Special Feature: The Extinction of Deforestation in the Brazilian Amazon: Is It Possible?

Collection launched: 20 Oct 2016

Guest Editor: Paulo Moutinho, Amazon Environmental Research Institute (IPAM)

Assessing social, environmental and institutional factors for continued success

Conversion of forests to agriculture in the Brazilian Amazon has been a major contributor to global GHG emissions. Since 2005, deforestation has declined by 70%, presumably as a result of expanded protected areas, more sustainable supply chains, farmer compensation, law enforcement, and other programs. Given growing demands for soy, beef and other commodities and recent policy shifts, is this reduction sustainable? And will the predicted effects of climate change outweigh progress in GHG reductions? In this Special Feature, we look at why deforestation rates have declined and how to achieve both zero deforestation and regional prosperity by 2020.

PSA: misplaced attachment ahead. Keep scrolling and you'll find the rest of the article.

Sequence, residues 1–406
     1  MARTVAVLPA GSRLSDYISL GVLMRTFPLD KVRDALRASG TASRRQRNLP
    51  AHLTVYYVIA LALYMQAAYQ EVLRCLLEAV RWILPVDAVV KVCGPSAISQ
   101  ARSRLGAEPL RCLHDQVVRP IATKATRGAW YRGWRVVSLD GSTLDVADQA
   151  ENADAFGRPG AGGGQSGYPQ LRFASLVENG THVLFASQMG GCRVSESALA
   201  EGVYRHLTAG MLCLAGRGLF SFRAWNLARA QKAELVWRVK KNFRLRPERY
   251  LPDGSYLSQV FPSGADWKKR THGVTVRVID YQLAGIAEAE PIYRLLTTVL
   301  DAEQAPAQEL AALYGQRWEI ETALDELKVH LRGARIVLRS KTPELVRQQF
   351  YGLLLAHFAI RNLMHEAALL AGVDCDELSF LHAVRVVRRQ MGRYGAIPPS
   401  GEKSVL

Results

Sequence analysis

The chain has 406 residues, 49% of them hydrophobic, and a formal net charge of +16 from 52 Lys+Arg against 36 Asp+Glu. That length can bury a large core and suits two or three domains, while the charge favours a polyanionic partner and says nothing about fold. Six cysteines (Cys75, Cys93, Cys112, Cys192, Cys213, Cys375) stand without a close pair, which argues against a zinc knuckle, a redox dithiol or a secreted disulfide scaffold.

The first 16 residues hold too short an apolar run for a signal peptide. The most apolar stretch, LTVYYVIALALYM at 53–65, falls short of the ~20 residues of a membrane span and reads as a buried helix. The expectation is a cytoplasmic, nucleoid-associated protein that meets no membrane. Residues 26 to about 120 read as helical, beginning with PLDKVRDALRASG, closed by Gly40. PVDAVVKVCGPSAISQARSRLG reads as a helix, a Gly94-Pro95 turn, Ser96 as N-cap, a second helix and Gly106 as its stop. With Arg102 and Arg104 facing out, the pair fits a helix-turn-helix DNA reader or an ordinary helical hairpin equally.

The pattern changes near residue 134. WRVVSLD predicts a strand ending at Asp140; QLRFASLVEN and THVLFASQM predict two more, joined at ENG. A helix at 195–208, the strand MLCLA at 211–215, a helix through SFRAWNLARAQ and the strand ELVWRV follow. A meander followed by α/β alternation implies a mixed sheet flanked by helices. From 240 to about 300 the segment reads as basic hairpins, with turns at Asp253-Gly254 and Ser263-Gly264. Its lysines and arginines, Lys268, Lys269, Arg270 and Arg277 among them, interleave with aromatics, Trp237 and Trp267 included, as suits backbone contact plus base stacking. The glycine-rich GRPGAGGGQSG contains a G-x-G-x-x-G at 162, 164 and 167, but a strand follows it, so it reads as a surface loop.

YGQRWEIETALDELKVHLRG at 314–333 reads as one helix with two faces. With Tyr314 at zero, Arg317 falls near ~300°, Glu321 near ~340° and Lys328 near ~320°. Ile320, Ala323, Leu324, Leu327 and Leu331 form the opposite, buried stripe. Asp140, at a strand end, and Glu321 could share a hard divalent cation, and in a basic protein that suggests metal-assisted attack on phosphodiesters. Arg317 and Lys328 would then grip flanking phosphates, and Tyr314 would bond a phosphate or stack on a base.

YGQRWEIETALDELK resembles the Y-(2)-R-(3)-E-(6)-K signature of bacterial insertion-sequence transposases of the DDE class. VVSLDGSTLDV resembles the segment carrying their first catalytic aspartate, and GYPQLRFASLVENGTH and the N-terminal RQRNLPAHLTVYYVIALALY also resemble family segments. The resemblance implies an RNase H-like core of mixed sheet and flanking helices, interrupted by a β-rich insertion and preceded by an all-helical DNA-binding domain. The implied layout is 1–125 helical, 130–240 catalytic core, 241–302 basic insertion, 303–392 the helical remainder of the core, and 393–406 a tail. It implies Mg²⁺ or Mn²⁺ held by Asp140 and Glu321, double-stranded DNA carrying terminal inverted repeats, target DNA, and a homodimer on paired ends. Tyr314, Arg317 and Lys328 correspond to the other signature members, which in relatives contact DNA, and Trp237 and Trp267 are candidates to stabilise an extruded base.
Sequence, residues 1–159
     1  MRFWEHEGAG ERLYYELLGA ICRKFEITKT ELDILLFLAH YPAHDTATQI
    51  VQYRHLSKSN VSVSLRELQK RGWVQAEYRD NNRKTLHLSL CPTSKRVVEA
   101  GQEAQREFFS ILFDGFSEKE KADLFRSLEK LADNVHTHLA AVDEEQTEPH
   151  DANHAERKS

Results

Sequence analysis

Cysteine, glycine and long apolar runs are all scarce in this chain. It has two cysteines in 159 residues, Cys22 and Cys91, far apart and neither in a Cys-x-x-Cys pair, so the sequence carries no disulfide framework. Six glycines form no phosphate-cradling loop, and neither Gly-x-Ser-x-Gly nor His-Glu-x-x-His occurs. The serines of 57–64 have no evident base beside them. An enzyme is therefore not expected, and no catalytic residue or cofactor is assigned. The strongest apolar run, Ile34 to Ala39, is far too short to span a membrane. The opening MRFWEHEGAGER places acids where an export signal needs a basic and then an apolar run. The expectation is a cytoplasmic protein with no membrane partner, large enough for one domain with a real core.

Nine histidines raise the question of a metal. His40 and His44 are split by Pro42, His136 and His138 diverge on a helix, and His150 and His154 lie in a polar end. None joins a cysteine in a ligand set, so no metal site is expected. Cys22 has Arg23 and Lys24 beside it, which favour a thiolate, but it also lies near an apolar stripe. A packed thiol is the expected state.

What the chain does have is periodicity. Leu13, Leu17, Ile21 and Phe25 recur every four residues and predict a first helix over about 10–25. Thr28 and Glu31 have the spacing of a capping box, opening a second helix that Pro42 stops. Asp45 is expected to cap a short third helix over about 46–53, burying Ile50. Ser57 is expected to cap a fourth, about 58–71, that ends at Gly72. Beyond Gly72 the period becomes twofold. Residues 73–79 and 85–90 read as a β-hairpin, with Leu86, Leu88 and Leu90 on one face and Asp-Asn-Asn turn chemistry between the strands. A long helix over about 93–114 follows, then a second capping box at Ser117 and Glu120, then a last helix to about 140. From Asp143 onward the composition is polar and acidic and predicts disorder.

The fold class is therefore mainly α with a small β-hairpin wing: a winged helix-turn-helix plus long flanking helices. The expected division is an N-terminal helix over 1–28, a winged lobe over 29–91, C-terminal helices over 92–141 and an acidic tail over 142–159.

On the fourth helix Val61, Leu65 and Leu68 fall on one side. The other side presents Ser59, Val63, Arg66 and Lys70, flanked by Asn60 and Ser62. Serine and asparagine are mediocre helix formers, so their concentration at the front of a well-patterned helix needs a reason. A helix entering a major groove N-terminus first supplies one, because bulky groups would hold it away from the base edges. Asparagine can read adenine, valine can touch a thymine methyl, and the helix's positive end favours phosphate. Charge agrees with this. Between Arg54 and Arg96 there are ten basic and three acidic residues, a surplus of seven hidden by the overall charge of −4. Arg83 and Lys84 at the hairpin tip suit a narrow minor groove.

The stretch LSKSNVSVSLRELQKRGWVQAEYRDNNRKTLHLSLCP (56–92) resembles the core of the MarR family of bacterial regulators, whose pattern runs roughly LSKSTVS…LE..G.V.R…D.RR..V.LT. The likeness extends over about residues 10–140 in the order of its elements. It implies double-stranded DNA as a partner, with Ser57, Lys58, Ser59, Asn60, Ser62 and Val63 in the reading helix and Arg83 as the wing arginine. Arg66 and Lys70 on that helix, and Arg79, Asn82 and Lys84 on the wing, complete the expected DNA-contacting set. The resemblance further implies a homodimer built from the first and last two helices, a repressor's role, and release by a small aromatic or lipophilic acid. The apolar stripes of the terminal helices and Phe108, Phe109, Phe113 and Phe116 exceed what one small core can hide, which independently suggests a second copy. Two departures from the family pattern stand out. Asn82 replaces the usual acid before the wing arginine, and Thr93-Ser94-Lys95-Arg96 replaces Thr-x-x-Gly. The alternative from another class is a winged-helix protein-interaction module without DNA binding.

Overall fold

Related Content

Ensia has published the following article by Paulo Moutinho in collaboration with this Elementa Special Feature: Is zero deforestation possible for the Brazilian Amazon?

Associate Editor Paulo Moutinho contributes to NPR conversation on Amazon deforestation concerns.

Additional articles under review